| Ustad Mohi Bahauddin Dagar plays the rudra veena at Don Bosco School on Wednesday. Telegraph picture |
Feb. 13: “Ustadji, could you please name the strings of the rudra veena? Sir, have you ever performed Western tunes on the veena? ” These and many more posers, most of them technical, were dished out by a section of Bosconians to rudra veena exponent Ustad Mohi Bahauddin Dagar during an open session at Don Bosco School, Panbazar, today.
While their ustadji answered all the questions, also telling them about a jugalbandi with jazz musician Louis Banks, he was happy with the curiosity shown by the students.
“I am very happy that you all are so curious about the finer nuances of Indian classical music as well as musical instruments. Your questions really give me an idea as to how interested you are about the traditional music genres of this country,” the maestro told the inquisitive gathering at the Mama Margaret auditorium.
The interaction was followed by an hourlong performance of raga Ahir Bhairav (a Hindustani classical raga) by the maestro and two of his disciples — the German-born Hafize Daniel on the tanpura and Tapas Das on the pakhawaj.
As many as 400 students of Classes VIII and IX were treated to an enthralling afternoon of Indian classical music — aalaap, jod and jhala renditions of raga Ahir Bhairav with choutaal (12 beats) compositions of pakhawaj.
Ustad Dagar had last performed in the school during the National Convention of SPIC MACAY in 1993.
He is a descendant of legendary rudra veena maestro Ustad Zia Mohiuddin Dagar.
Echoing his views on his performance, Ustad Dagar said, “It’s nice to be back here at Don Bosco, Guwahati, after two decades. I hope all the students were immensely benefited today, as much as I enjoyed performing here today.”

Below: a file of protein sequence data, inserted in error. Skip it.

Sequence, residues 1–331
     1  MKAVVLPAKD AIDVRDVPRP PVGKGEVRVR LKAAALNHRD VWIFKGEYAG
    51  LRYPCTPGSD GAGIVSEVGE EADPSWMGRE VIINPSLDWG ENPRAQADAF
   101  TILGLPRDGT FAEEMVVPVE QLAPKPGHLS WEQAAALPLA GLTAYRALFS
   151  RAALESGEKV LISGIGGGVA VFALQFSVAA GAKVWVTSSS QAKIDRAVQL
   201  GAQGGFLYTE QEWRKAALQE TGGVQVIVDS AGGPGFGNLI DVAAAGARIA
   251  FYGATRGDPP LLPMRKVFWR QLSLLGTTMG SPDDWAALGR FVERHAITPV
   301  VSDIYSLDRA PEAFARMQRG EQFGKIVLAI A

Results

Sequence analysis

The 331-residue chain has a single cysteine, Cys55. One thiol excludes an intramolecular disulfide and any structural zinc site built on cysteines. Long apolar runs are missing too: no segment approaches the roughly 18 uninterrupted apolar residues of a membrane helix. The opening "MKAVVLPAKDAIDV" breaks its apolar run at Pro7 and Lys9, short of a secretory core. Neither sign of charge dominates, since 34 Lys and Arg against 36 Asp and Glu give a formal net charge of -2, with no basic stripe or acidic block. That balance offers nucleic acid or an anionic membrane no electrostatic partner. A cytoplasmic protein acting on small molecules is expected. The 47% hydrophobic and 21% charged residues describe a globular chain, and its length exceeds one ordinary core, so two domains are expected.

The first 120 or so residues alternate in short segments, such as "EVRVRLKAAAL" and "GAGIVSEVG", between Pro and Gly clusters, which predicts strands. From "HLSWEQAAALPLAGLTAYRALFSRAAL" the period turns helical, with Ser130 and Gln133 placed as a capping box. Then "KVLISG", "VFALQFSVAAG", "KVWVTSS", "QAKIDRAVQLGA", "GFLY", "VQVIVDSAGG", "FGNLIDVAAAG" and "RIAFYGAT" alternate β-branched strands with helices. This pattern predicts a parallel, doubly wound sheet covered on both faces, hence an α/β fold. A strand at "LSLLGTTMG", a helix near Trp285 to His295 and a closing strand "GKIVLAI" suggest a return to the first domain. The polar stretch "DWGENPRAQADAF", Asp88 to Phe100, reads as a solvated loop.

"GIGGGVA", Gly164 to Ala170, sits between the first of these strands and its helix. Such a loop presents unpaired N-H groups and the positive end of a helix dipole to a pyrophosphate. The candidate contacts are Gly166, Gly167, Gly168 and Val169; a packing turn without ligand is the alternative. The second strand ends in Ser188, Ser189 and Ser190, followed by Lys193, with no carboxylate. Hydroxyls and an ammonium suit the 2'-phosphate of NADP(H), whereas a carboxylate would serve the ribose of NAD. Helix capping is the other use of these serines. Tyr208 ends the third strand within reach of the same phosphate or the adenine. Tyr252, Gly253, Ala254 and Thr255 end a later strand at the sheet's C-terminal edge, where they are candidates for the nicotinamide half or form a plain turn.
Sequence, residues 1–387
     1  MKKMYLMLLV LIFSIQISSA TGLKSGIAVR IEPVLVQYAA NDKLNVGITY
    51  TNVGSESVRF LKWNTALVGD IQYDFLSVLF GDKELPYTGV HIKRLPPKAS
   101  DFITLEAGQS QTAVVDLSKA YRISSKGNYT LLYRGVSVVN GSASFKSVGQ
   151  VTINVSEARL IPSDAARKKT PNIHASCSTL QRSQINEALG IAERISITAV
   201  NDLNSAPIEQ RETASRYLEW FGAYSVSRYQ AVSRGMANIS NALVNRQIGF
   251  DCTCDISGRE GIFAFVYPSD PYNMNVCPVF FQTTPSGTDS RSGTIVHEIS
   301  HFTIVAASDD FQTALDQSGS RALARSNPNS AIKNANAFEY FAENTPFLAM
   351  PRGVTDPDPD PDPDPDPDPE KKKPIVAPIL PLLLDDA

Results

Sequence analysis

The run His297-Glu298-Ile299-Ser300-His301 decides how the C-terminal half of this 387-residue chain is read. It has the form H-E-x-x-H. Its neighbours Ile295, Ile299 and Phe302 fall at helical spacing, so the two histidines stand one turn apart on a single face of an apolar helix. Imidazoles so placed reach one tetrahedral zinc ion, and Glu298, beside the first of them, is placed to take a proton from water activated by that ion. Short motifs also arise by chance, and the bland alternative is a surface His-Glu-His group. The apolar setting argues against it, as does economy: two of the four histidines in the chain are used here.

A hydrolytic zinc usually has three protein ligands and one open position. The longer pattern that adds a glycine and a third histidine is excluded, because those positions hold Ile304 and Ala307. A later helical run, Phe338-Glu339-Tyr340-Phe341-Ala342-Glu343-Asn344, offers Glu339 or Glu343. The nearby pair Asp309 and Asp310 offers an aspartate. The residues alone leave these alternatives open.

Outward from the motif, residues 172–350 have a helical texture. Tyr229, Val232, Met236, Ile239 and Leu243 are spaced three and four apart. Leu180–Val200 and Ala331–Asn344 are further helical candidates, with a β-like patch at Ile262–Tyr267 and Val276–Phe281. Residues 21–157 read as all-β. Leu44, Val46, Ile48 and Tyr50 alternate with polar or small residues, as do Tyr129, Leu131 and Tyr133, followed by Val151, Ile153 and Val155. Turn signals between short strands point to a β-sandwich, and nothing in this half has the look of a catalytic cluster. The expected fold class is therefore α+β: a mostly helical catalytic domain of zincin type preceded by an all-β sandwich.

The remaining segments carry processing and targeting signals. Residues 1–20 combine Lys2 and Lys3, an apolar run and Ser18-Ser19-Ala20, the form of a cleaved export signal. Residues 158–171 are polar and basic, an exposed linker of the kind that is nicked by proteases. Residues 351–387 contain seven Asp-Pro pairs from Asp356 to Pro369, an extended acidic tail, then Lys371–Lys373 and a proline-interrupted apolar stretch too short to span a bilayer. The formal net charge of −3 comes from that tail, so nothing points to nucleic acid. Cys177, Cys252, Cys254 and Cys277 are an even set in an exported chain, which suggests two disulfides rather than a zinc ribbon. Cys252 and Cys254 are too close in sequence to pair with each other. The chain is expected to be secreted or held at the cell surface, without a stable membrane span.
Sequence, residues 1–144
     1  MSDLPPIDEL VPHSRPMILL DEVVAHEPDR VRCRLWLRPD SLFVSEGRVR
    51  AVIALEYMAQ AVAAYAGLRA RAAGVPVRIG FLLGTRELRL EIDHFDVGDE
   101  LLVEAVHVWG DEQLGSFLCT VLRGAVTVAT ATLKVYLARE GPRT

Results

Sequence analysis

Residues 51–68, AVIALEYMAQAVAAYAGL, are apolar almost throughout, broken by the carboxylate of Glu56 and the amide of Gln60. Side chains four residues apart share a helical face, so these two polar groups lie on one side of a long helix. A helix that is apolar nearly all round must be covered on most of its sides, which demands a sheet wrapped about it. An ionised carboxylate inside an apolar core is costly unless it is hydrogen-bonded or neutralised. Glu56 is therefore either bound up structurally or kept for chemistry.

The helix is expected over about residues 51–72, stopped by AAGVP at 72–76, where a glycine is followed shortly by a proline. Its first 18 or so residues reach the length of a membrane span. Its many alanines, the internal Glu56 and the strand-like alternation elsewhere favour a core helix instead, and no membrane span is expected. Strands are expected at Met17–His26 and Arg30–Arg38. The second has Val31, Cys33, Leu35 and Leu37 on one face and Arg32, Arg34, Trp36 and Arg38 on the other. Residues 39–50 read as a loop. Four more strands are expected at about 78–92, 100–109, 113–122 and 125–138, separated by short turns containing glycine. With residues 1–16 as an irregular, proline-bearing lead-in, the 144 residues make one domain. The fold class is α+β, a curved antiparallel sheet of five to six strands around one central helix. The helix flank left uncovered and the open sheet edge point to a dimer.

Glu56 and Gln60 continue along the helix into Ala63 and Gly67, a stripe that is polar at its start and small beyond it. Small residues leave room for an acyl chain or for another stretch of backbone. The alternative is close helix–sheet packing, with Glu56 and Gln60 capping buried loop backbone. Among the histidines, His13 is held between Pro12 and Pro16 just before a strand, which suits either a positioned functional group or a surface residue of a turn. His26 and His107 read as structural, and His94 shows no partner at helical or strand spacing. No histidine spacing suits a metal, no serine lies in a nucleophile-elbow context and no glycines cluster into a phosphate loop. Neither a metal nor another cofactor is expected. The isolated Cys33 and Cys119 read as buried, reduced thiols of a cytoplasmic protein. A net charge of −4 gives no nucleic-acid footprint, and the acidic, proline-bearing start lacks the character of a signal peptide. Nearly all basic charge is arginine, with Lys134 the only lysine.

Teachers, principal Fr Antony Thekkel, school administrator Fr Kuricheal Sebastian and SPIC MACAY members of Guwahati chapter were also present.
Appreciating the performance, Fr Thekkel said, “This was a wonderful opportunity for the Bosconians to be familiar with Indian classical music, to appreciate the rich and varied cultural heritage that we have in our country.”
“I am so thrilled to get a chance to watch the maestro play the rudra veena in our school. We, the younger generation, need to admire these classical musical instruments, rather than the noisy Western ones,” Binay Didwania, a Class IX student, said after the show.
The Don Bosco Spic Macay Club in collaboration with Spic Macay, Guwahati chapter, invited the artistes to the school.
Over the past two decades, the Don Bosco Spic Macay Club has hosted greats like Sonal Mansingh, Pt Shiv Kumar Sarma and Pt Hari Prasad Chaurasia apart from Kathakali dancers and Sufi singers.
“The objective of inviting musicians to our school is to acquaint the younger generation with Indian classical music and traditional instruments. In May last year, Kathak exponent Mahua Shankar had delivered a lecture-cum-demonstration in our school. In November, a Norwegian quartet was invited to the school, while Chau dancers from Purulia, Bengal performed in December,” Saikh Md Sabah Al-Ahmed, media in-charge of Don Bosco School, Guwahati, told The Telegraph.